shape to the LENGTH OF 1 CENTRAL INCISOR, WIDTH AND INCLINATION OF 2
CENTRAL INCISORS.
-The handle should be positioned just lingual to the crest of the ridge, in the midline and so that it
will not interfere with the lip or with border molding.
- adaptation and formation of the pressure buttons –
- finishing the tray with acrylic burs –

MASTER CAST
Materials and devices:
- final impression
- mixing bowl
- plaster spatula
- type III dental stone (Moldano)
- water (room temperature)
- Lab Vibrator
- Model trimmer
- Model base former

Steps
1. Disinfection of the final impression
2. Checking of the accuracy of final impression
3. Preparing the impression – beading and boxing
BEADING
AIM: to preserve the mucobuccal fold on the master cast
 Place 1 strip of periphery wax (4mm) around the entire edge of the impression, about 2-3 mm
below the height of the impression. Be certain that, when viewed occlusally, the beading wax
can be seen around the entire impression.
 The mandibular impression must also be filled with a sheet of wax in the lingual/tongue area
because the mandibular casts have a full base
 The beading creates the "land" of the cast and preserves the outer portion of the mucobuccal
fold or border area.
BOXING = shaping the master cast base
 Use a strip of boxing wax (15-20mm width) and long enough to surround the impression.
Place the boxing wax strip about the beading wax

4. Pouring the final impression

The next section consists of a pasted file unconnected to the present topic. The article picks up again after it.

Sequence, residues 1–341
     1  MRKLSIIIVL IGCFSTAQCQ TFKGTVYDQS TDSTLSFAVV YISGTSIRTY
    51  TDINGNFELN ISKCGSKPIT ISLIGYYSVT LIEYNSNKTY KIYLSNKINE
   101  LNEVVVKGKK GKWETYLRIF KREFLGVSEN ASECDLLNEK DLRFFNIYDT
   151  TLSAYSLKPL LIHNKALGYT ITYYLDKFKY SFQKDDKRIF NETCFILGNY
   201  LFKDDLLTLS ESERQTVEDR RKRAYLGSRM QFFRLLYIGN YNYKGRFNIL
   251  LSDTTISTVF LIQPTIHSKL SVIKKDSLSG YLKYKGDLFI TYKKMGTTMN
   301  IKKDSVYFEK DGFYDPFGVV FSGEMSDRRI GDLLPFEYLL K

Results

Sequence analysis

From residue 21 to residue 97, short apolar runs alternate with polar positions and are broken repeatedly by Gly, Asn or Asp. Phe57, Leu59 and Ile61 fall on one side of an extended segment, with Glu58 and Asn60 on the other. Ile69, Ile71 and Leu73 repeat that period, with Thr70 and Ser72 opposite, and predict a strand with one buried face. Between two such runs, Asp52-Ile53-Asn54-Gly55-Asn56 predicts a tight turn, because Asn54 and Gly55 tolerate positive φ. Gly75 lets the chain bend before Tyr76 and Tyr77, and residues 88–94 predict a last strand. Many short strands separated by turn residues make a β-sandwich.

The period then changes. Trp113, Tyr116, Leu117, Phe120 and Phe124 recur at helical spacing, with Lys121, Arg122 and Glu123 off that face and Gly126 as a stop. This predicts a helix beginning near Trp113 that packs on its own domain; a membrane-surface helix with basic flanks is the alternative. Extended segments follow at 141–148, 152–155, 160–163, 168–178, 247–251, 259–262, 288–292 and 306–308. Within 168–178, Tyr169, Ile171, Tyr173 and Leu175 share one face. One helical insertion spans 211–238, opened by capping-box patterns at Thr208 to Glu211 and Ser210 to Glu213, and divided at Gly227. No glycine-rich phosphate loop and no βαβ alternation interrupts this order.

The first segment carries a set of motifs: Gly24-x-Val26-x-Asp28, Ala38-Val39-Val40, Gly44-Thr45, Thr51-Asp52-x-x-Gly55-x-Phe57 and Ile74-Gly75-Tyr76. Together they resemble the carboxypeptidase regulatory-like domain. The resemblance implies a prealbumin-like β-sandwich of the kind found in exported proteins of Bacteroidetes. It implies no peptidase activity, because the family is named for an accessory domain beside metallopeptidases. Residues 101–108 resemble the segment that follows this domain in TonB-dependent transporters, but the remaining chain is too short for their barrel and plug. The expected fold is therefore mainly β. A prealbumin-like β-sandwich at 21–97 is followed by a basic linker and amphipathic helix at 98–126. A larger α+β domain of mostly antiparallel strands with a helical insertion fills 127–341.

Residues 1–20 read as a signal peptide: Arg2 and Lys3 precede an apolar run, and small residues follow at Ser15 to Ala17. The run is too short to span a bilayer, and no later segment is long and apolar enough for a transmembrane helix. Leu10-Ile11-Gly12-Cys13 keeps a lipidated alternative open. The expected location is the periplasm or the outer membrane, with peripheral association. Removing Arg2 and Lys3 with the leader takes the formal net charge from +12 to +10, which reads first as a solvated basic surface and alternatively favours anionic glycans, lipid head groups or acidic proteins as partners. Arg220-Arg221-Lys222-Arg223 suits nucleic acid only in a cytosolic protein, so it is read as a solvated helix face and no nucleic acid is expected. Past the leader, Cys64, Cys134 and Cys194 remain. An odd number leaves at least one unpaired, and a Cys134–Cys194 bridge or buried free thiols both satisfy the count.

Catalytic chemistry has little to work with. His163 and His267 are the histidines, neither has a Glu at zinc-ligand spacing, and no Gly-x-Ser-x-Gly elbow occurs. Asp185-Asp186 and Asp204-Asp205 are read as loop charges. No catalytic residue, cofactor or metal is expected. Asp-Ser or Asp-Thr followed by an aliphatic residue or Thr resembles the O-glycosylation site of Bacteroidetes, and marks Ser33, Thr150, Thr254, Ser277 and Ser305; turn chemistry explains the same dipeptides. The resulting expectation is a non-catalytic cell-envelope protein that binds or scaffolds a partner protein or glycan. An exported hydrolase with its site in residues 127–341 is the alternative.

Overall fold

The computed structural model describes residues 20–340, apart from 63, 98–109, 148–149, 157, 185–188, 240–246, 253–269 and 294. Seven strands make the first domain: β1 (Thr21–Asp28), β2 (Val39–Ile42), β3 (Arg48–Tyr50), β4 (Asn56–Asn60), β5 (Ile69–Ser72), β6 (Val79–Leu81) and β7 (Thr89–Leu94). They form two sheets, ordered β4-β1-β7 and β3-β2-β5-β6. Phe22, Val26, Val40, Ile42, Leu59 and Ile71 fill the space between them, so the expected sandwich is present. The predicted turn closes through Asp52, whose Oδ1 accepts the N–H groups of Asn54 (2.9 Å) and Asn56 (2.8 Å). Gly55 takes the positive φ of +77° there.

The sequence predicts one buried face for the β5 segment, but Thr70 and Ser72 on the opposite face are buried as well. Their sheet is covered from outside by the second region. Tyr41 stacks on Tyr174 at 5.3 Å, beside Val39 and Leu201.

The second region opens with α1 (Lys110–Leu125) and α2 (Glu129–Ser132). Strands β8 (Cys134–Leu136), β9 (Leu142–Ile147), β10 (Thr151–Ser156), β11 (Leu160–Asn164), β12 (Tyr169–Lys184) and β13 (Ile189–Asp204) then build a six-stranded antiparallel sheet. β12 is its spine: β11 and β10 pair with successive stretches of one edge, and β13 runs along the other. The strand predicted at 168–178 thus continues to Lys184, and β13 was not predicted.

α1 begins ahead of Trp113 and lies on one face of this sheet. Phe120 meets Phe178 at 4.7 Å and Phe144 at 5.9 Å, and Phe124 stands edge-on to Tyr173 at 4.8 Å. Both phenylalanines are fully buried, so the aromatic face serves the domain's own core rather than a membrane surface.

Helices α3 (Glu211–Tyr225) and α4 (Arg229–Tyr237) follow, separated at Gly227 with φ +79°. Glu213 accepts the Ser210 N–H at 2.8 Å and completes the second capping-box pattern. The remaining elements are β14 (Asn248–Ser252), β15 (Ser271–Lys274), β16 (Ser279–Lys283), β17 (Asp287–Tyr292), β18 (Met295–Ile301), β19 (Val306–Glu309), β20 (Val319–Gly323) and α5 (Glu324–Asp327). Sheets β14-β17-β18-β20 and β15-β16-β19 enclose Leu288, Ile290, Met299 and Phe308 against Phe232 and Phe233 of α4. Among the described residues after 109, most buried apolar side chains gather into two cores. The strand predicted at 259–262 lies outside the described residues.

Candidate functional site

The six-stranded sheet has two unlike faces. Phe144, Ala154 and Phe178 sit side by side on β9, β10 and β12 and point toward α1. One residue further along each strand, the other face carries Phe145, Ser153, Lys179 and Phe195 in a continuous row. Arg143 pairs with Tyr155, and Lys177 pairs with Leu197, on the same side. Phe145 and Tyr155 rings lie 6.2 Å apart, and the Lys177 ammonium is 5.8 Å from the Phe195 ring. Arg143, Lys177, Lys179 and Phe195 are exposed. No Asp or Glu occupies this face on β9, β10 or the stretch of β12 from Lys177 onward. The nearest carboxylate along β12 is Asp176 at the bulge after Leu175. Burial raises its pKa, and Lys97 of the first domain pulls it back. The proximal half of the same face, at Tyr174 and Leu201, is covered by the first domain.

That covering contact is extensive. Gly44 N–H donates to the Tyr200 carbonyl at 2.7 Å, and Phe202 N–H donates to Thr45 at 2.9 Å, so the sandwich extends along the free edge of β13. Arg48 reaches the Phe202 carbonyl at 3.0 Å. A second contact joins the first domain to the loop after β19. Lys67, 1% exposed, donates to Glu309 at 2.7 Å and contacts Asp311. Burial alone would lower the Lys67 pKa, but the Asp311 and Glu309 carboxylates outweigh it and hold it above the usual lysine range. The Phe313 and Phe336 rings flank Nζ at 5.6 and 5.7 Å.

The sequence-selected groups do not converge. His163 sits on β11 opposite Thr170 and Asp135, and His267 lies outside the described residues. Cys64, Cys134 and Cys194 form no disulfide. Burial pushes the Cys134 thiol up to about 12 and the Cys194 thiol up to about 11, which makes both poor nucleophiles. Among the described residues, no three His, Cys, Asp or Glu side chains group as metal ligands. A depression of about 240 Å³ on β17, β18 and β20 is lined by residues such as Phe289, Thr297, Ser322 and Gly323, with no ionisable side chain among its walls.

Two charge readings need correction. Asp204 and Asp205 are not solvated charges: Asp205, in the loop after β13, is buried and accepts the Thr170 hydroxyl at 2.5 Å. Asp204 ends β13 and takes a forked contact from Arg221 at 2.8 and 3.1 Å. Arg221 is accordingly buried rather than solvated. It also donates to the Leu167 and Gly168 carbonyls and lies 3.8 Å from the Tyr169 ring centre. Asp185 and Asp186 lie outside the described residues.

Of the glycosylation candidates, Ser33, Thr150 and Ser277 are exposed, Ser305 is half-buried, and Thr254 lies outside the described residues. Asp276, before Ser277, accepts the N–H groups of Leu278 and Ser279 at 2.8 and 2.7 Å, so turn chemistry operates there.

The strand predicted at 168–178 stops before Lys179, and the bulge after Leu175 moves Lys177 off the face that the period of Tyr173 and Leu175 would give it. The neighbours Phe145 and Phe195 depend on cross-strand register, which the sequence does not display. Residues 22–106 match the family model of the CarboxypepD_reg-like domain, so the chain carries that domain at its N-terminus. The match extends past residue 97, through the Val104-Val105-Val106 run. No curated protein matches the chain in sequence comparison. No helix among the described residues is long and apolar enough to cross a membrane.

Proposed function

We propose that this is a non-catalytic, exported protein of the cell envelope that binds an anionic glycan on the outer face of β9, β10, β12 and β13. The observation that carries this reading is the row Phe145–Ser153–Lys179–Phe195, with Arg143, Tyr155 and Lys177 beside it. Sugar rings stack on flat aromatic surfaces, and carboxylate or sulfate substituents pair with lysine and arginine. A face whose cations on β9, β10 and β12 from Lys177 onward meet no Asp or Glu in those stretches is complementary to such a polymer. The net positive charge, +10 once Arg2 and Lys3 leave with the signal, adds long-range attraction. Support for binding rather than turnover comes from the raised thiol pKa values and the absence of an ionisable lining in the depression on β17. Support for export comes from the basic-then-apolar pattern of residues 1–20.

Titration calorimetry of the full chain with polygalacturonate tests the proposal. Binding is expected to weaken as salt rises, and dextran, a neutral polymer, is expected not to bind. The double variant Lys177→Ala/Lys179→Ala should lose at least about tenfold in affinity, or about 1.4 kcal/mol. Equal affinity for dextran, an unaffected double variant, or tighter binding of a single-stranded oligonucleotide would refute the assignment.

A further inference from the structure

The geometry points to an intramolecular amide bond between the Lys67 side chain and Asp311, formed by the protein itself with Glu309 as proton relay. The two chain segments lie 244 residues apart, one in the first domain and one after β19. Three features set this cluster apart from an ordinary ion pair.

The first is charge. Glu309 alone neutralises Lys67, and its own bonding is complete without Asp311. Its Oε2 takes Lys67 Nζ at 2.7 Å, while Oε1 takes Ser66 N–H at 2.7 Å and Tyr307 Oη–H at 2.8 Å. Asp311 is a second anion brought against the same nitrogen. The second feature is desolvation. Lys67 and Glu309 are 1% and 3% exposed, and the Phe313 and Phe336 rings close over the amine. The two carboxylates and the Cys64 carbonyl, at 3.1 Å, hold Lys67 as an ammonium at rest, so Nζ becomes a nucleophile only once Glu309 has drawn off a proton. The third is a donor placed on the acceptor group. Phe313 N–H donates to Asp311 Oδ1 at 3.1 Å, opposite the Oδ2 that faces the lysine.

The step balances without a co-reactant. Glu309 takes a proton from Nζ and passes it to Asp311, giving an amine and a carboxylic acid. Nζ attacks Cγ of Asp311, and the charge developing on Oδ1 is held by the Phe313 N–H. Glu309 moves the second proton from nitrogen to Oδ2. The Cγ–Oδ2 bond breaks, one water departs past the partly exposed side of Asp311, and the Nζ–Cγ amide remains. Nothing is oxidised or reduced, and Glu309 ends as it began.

- prepare a proper amount of dental stone in a plaster bowl
(following the manufacturer directions).
- Turn on the vibrator and hold the boxed impression in one
hand with one corner slightly higher than the rest of the
impression.
- Flow the stone into one posterior corner of the impression
from the tip of the spatula, allowing the stone to flow slowly
over the interior of the impression guarding against the
entrapment of air bubbles.
- The entire interior of the impression should be filled in this manner until the stone reaches
the top of the boxing wax.
5. Setting reaction
6. RECOVER the cast
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Use a knife to gently separate the impression from the cast and pull slowly the tray handle.
7. Finishing the base - Using a model trimmer

Roles of the master cast :


- to make baseplates and occlusion rims
- to make the denture wax-up (trial denture)
- will be a part of the mould cavity

RECORD BASEPLATE & OCCLUSAL RIMS


(OCCLUSION BLOCKS)

1. THE RECORD BASE is very similar to the base of custom tray. It is made by the same
techniques and .materials (shellac baseplates, heat-cured resins, Cold cured resins, Light cured